Effects Of Gender Inequality In Economic Growth

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Gender-based inequality in education and economic growth: Cross-country evidence
Klaudia Prodani, Progress Report
I. Introduction
Many developing countries exhibit significant gender inequality in education opportunities. In assessing the importance of these inequalities, one can distinguish between intrinsic and instrumental concerns. This paper focuses on the instrumental effect of gender inequality in education on economic development. Using cross-country regressions, it examines how gender bias in education reduces long-term economic growth.
II. Literature Review
The past three decades have seen a renewed interest in the determinants of economic growth. Romer (1986), Lucas (1988), and Barro and Sala-i-Martin (1995) defend the possibility
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As a result, the average innate ability of educated children is lower than it would be if there were equal education opportunities for boys and girls. This lower level of average human capital in the economy would in turn slow economic growth. Alternatively, the low human capital level could affect economic growth indirectly by reducing the investment rate, because countries with lower levels of human capital have smaller returns on investments.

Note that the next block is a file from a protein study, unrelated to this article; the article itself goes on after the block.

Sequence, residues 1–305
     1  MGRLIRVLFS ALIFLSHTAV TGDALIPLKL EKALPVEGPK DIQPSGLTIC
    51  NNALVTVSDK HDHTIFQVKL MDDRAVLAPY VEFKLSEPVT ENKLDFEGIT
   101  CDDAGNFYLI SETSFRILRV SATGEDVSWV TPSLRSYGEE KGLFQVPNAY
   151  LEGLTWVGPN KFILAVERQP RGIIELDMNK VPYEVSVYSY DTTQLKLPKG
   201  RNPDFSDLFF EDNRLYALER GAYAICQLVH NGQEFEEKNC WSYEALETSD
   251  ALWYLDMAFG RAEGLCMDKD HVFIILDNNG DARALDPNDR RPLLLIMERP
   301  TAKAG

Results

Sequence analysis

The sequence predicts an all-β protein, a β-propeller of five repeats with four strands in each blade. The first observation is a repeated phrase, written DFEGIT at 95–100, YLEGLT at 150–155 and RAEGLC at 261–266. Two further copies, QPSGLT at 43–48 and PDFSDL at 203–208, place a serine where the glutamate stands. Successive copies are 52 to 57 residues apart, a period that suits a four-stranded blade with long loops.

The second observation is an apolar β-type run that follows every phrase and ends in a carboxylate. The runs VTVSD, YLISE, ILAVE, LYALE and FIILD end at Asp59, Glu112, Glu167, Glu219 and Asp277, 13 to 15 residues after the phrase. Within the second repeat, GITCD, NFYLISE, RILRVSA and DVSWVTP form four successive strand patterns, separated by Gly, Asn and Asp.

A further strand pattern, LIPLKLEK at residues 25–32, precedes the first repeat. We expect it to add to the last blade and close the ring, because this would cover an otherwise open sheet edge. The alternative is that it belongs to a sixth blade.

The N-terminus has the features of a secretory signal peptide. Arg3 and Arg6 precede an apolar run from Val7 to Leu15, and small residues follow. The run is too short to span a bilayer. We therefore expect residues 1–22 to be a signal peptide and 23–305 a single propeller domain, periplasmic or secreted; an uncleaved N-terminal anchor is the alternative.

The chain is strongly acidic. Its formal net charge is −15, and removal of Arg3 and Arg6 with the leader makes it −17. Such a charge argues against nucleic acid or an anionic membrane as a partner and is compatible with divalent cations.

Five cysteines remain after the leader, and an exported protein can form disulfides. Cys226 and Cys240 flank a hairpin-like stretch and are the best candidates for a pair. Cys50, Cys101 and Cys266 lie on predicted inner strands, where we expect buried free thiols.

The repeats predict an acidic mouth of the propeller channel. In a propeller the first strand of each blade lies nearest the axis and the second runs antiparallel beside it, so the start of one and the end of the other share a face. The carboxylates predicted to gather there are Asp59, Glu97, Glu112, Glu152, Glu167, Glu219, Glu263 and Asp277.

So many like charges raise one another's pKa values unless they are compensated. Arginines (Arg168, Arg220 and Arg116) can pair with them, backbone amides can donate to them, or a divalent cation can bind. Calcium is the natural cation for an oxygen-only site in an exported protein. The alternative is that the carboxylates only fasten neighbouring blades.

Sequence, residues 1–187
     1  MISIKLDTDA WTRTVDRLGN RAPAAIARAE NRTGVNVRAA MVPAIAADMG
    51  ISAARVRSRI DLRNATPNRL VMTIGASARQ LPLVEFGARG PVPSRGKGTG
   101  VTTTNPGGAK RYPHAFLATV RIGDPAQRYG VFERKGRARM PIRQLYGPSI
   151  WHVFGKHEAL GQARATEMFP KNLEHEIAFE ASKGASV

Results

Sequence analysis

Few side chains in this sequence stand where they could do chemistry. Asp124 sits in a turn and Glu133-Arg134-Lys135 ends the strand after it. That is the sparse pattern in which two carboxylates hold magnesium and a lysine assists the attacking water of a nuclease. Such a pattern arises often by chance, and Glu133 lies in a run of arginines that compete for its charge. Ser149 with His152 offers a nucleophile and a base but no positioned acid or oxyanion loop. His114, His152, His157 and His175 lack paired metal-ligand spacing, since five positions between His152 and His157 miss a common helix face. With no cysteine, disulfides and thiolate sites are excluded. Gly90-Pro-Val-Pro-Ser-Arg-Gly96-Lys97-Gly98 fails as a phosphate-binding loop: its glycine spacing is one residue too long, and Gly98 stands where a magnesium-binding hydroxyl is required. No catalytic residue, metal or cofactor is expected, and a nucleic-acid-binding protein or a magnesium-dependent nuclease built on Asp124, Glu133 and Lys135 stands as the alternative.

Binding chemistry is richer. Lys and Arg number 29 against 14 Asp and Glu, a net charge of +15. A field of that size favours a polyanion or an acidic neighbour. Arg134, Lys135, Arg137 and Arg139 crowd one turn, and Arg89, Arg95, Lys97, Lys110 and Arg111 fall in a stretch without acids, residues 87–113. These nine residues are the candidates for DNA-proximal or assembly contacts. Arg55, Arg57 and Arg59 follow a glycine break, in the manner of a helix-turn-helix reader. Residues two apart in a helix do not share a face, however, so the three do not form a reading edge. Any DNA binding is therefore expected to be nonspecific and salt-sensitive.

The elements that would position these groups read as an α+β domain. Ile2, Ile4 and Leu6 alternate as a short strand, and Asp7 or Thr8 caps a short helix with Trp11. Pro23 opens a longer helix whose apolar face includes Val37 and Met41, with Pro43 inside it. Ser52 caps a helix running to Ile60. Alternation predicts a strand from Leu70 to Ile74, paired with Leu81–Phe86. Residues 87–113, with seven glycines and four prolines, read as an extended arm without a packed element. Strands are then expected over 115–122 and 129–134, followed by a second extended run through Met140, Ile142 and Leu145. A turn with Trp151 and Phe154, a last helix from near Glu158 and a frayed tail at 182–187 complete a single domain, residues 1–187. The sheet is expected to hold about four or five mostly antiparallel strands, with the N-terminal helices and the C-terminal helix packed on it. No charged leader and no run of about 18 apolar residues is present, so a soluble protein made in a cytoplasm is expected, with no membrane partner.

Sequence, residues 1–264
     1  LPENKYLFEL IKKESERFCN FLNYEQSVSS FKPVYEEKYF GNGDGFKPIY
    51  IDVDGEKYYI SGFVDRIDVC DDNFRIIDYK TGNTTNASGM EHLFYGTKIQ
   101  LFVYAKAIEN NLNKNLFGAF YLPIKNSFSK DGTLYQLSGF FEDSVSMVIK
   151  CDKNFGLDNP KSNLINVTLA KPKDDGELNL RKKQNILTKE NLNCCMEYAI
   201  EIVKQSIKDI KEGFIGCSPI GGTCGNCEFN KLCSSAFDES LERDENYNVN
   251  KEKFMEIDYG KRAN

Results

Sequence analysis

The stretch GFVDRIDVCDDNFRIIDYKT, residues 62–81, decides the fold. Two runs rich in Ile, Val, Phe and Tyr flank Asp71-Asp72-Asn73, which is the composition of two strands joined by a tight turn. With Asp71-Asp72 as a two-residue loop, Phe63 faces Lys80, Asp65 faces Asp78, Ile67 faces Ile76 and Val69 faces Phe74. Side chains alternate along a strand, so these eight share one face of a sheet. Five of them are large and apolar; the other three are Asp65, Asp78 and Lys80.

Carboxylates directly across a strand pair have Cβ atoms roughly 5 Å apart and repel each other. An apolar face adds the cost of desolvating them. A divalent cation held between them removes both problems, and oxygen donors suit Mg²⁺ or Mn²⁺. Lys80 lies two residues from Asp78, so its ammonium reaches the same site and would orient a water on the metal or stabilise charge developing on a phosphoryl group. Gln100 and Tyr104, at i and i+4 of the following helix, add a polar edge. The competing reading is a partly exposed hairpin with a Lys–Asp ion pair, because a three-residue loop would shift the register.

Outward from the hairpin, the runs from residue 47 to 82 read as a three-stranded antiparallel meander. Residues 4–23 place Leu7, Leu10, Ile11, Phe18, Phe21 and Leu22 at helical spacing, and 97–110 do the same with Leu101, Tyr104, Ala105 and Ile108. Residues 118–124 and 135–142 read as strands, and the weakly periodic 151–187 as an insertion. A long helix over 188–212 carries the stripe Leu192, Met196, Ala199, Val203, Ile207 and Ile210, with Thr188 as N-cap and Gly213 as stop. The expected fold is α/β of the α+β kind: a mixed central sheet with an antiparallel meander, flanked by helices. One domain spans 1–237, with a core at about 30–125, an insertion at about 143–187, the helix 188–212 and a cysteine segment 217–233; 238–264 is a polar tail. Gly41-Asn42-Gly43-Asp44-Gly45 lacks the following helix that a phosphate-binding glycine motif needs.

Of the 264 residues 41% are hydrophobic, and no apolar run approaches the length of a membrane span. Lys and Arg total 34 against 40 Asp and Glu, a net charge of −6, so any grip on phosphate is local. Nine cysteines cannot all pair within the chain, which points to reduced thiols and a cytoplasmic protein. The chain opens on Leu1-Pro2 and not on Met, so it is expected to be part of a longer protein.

Similar reductions in human capital levels are obtained if we consider female and male human capital as imperfect substitutes subject to declining marginal returns to education. In this case, human capital and thus economic growth would be affected by declining returns to higher male education (as opposed to the selection of less able males mentioned
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lower gender inequality in education, can affect economic growth in four ways. First, the reduction in population growth would enable investment to be used for capital deepening as opposed to capital widening, which would in turn encourage economic growth. Second, lower fertility rates increase savings and hence growth by reducing the dependency burden. The last two effects, termed “demographic gifts” by Bloom and Williamson (1998), refer to the temporary effects that a low fertility rate has on the growth of the working-age population. Specifically, a growth in the working-age population would lead to an increase in per capita economic growth by necessitating more investment in capital equipment and by the fact that more workers (assuming that increases in the labor force would be absorbed by higher levels of employment) would be sharing their wages with fewer dependents. These temporary effects are thought to have played a significant role in the rapid growth in East and Southeast Asia (Bloom and Williamson

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